the ebook revolution

One Saturday, I read an article in The Australian, our national newspaper, about ebooks, their availability (or lack thereof) and the technology involved in reading them.  Basically, the overall tone of the article was yes, they’re here, but you can only read them in PDF, the ereaders are expensive ($1000+) and there’s nothing much worth reading on them anyway.

My response?  I wrote a letter to the editor (which wasn’t published, surprise!).  Here’s what I wrote:

“Rosemary Sorensen’s article on the rise of ebooks failed to mention what me and my Australian writing colleagues have known for years: ebooks can be bought cheaply, the reading software comes in other easy-to-read formats than just pdf, and ereaders can be had at a decent price.  In less than ten minutes,  I’ve bought ebooks from http://www.deisel-ebooks.com, http://www.eharlequin.com and http://www.fictionwise.com in either MSReader (.lit) and Mobipocket (.mobi) format, then synced them up with my HP Ipaq PDA or BeBook (the latter costs around $359).  The iPod Touch and iPhone also have two free apps allowing you to read ebooks on both devices.  When it comes to ebooks, the issue amongst authors is not about availability or format – it’s piracy, which hurts both authors and readers.”

Since writing that letter, my pre-loved iPod Touch arrived from an eBay seller and I just loooove it!  Wireless technology rocks 😀  It took me less than 10 minutes to select the latest Jennifer Rardin and Megan Hart books on eReader, buy them, then click on my eReader app on the iPod, enter my email and password, then sync them down to the iPod.

What I want to know is… why aren’t journalists actually doing their research before writing an article?

The Joys of Music

So okay, I know I’m a little bit behind everyone, but I’ve just discovered the joys of iTunes.  It actually started when accursed Microsoft Media Player wouldn’t work, so I opened iTunes and migrated all my music across.  Then of course, I HAD to find all the corresponding artwork for the songs, which lead me to the iTunes store (more on that later).  Then I started playing some tracks and OMG I completely forgot how awesome music is!  And how much of it I actually have… and how much I missed it.  Now, I always listen to CDs in the car, but it’s always the new stuff and never the oldies that have been gathering dust on my shelf.  It’s been a long time since I just sat there, playing music and singing along (I’m sure my neighbours can agree on that, poor things).

So then I got to thinking – “I wonder if the iTunes store has those favourite long-lost tracks I’ve still got on my old cassettes but never play because I don’t have a tape deck and anyway, they’ve probably disintegrated by now?”  So I clicked on the store and lo and behold, Paradise Unbound!!!   I NEVER knew you could buy just one song instead of the whole album that, let’s face it, you hardly ever listen to anyway (unless it’s Sister Hazel or Rascal Flatts 😀 )  So I didn’t stroll, I RAN down memory lane and within 20 minutes I’d carted Midnight Blue (Lou Gramm), Breakthru (Queen), You Win Again (Bee Gees , Turn Me Loose (Loverboy) and the most awesome song ever made, Throw Your Arms Around Me (Hunters & Collectors).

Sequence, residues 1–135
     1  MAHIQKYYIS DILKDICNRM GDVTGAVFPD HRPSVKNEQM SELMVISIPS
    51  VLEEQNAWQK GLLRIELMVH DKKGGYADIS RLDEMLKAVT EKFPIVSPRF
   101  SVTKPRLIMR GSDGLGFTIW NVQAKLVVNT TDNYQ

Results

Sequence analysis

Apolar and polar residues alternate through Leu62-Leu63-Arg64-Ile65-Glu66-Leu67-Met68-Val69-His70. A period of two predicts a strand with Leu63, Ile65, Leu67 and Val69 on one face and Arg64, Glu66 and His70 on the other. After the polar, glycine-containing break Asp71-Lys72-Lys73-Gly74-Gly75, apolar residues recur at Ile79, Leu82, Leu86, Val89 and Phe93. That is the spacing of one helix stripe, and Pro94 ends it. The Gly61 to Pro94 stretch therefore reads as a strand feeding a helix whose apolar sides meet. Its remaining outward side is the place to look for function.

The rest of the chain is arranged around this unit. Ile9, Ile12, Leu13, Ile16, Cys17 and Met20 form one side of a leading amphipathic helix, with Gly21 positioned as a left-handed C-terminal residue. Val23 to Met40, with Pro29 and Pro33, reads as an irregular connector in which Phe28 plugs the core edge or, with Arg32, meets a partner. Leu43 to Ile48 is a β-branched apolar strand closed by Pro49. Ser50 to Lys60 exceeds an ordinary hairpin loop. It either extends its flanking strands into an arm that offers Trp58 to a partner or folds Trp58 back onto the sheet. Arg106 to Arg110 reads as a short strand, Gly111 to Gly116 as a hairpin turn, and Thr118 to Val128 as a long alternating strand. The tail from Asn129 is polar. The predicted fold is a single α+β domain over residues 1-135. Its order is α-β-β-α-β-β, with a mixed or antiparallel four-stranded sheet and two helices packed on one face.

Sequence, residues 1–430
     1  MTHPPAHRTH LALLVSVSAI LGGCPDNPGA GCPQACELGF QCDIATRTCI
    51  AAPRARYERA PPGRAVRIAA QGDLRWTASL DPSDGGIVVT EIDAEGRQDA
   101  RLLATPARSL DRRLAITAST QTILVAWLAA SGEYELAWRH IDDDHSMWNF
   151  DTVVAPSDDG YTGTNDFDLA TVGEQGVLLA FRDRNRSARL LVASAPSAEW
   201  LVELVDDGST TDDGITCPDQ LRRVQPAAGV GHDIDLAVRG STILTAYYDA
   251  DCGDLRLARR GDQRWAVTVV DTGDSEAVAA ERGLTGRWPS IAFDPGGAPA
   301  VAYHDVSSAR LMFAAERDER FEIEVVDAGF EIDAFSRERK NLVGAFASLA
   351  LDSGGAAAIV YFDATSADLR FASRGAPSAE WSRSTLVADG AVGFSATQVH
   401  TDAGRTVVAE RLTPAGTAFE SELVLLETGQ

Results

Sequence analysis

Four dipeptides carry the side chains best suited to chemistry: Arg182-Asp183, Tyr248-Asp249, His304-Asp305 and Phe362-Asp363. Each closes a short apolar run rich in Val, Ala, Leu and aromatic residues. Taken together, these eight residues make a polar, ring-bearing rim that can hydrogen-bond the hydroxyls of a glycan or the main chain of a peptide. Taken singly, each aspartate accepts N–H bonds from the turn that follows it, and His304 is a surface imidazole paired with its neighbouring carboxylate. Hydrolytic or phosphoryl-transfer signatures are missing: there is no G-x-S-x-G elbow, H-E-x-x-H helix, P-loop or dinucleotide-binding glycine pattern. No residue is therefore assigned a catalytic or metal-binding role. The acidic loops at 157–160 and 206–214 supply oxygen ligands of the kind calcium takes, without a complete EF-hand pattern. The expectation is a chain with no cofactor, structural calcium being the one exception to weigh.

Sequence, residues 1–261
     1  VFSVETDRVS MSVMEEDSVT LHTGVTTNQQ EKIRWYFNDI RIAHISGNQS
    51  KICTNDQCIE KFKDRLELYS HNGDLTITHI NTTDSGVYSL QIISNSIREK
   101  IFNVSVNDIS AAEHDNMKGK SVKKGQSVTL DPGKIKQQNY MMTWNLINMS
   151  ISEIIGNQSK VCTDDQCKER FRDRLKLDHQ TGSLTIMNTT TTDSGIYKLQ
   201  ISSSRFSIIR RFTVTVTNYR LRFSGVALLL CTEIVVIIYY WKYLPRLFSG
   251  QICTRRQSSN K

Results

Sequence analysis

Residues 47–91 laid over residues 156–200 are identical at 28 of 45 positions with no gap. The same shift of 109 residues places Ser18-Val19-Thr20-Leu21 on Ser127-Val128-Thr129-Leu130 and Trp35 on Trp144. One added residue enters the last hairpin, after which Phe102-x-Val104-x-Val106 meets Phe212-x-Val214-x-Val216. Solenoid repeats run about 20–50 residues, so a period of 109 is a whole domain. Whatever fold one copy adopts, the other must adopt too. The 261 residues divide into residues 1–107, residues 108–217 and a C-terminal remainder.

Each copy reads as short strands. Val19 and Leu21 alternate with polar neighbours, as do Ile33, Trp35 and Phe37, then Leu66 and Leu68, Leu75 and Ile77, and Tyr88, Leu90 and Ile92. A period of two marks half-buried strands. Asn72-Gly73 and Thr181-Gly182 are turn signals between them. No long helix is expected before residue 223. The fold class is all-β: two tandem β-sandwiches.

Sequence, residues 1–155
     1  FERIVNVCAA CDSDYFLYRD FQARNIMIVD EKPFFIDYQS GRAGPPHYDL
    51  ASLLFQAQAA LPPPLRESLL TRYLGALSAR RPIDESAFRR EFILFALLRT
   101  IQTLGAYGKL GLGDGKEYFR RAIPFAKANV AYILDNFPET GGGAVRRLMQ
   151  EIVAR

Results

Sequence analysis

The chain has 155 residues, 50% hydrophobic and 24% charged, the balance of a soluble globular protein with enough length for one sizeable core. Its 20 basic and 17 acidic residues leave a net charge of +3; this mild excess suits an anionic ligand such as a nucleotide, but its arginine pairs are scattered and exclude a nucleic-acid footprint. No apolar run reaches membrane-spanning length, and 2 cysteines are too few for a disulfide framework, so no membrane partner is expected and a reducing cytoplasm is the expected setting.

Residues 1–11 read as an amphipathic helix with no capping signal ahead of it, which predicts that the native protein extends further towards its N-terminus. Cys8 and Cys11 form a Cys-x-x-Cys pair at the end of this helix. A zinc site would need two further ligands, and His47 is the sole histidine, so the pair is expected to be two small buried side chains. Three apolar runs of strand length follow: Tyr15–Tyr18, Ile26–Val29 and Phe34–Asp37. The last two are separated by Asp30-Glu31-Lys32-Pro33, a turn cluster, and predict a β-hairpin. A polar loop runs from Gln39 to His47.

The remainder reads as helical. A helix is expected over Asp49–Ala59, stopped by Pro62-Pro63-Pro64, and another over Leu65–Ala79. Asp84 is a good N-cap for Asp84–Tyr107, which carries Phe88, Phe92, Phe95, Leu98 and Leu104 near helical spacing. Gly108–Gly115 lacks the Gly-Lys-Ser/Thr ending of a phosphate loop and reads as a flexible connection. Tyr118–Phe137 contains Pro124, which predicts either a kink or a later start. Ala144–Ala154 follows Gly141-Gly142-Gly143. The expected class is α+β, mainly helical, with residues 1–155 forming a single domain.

611fqfbi7zl_sl500_aa240_So after my excitement abated somewhat, I went back to sorting my album artwork… as if two-plus stories weren’t already screaming at me to be written. 😉  And that’s when I started to actually listen to my music library, stuff like Goodbye Yellow Brick Road – Elton John’s most brilliant album ever (just a millimeter in front of Blue Moves).  I mean, the opening of Funeral For a Friend at full crank just gives me chills  (and hearing it live is even more chill-worthy!) Hard to believe it was recorded in 1973 and it’d still be in my Top Albums Of All Time.

Then there’s Alone and Stranded by Heart, 80s power ballads which have formed the music soundtrack to my latest work-in-progress.   Other significant mentions are Foreigner, Jimmy Barnes and Texas, all best listened to at full volume.  And preferably singing at the top of your voice and prancing around the room, too 😀

The best part about my crazy music day?  I had a fabbo idea for one of my backburner stories (stories that are still shaping themselves in my head, that aren’t contracted or have any significant point, plot or ending).  So all that singing and dancing didn’t come to naught (oh, really?  I can hear my neighbours replying drolly. Thank God for that).

So after some deep thought after going off on a tangent (as you do), I’ve come up with my Top Albums of All Time.  In random order they are:

  • nickelbackAll The Right Reasons by Nickelback – when you just want angry alpha male music, with a dose of political incorrectness.  I love the funny Rockstar film clip!
  • Goodbye Yellow Brick Road and Blue Moves by Elton John – both masterpieces of melody that are heavy on the long instrumental introduction… something you don’t hear much of these days.  My dad played these over and over when I was young, and I still love them to this day.